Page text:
All education "insiders" disapprove of the way Congress handles education, according to a new report.
The report, called "Common Core, RTT-D, and Student Loans," was released this month by Whiteboard Advisors, an education consulting practice. The report surveys "a small group of key education influentials" on a variety of education related topics.
The surveyed individuals--typically numbering between 50 and 75--include policymakers, association heads, and Department of Education staff.
Only one-third of the insiders surveyed see the Elementary and Secondary Education Act -- a far reaching piece of federal legislation affecting primary and secondary school funding, otherwise known as No Child Left Behind -- being reauthorized by the end of 2013. So far, 24 states have been granted waivers from the law in exchange for developing their own accountability plans that set new targets for raising achievement, improving teacher effectiveness, preparing students for college and careers and advancing low-performing schools.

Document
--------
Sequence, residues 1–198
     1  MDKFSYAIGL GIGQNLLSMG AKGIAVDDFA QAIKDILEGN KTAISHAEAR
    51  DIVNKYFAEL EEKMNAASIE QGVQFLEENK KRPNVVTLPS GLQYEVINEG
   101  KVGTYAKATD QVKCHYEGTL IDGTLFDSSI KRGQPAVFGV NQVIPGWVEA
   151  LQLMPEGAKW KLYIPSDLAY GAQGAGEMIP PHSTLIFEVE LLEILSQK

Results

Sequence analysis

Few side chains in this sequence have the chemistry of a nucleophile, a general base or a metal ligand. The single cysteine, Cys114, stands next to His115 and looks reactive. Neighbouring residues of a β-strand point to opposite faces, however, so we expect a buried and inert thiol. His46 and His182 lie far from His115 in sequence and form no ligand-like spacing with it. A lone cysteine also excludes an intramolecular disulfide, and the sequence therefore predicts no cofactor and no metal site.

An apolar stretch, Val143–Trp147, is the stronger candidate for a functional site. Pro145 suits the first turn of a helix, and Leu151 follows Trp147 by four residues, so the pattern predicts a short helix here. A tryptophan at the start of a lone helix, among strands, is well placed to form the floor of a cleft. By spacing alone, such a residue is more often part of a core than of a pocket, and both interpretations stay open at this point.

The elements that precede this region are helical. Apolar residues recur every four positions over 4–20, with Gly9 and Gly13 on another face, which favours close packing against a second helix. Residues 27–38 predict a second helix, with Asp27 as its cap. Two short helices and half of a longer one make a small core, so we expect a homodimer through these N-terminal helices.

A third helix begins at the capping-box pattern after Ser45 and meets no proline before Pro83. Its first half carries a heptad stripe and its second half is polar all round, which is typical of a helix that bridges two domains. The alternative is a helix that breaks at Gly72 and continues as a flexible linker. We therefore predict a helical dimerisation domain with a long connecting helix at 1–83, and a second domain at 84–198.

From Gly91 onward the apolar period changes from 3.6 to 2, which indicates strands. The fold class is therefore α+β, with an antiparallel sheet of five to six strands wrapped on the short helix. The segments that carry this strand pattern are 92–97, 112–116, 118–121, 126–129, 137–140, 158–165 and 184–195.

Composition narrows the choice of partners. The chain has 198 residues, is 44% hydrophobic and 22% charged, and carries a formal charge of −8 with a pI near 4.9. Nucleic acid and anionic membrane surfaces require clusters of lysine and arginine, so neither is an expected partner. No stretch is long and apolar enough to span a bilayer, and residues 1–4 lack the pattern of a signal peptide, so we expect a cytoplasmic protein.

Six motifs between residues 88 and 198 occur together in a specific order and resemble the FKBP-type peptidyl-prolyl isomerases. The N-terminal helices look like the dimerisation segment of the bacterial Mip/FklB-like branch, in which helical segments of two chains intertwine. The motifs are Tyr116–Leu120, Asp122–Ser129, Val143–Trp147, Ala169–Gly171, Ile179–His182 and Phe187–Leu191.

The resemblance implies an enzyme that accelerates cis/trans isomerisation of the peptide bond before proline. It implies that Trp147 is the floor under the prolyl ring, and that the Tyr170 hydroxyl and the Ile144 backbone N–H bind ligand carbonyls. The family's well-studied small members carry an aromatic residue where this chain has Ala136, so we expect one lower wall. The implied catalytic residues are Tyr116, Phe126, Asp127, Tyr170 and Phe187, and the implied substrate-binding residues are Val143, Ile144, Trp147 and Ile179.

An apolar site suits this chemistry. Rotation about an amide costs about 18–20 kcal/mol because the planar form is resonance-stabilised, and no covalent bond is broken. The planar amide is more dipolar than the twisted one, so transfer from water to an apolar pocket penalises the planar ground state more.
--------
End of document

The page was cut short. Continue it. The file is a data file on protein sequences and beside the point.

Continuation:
“I'm being highly optimistic here. A lot will depend on the election," an anonymous participant said in the survey. "I'd say it's about 50-50 that it's done by then. Here's hoping.”
According to the report, 84 percent of insiders consider student debt to be a real problem affecting families.
Another 59 percent of insiders do not think Race to the Top -- a program in which states and districts compete against each other for funding -- was a good idea. A coalition of 16 education startups and policy organizations issued a letter earlier this month saying that Race to the Top innovates backwards, noting that the program "as currently conceived may not maximize return on our $400 million federal investment."
The Whiteboard Advisors paper similarly notes that a "surprisingly high number of insiders" are concerned that the program "undermines state policy and reforms."
Education insiders are also not impressed by Mitt Romney's education plan.
“Meh. Seems like a rehash of most GOP education plans, save for GWB," one insider said of Romney's plan. "Too heavily emphasizes choice options rather than focusing on how to truly improve our public schools.”
“Pander," said another.
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